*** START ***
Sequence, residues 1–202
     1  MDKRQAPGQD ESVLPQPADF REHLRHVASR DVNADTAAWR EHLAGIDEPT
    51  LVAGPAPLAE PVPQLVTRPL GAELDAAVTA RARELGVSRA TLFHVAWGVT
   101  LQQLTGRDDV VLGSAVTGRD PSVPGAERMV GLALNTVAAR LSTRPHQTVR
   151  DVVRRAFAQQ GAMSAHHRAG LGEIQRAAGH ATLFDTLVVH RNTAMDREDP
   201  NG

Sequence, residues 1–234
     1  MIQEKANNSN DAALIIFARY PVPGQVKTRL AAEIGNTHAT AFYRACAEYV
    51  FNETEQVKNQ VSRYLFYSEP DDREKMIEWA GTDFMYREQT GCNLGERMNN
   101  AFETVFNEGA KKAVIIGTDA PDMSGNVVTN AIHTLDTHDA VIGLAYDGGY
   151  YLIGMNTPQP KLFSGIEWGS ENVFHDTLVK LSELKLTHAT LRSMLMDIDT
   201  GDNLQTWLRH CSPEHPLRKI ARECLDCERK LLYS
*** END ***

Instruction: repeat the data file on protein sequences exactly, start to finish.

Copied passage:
Sequence, residues 1–202
     1  MDKRQAPGQD ESVLPQPADF REHLRHVASR DVNADTAAWR EHLAGIDEPT
    51  LVAGPAPLAE PVPQLVTRPL GAELDAAVTA RARELGVSRA TLFHVAWGVT
   101  LQQLTGRDDV VLGSAVTGRD PSVPGAERMV GLALNTVAAR LSTRPHQTVR
   151  DVVRRAFAQQ GAMSAHHRAG LGEIQRAAGH ATLFDTLVVH RNTAMDREDP
   201  NG

Sequence, residues 1–234
     1  MIQEKANNSN DAALIIFARY PVPGQVKTRL AAEIGNTHAT AFYRACAEYV
    51  FNETEQVKNQ VSRYLFYSEP DDREKMIEWA GTDFMYREQT GCNLGERMNN
   101  AFETVFNEGA KKAVIIGTDA PDMSGNVVTN AIHTLDTHDA VIGLAYDGGY
   151  YLIGMNTPQP KLFSGIEWGS ENVFHDTLVK LSELKLTHAT LRSMLMDIDT
   201  GDNLQTWLRH CSPEHPLRKI ARECLDCERK LLYS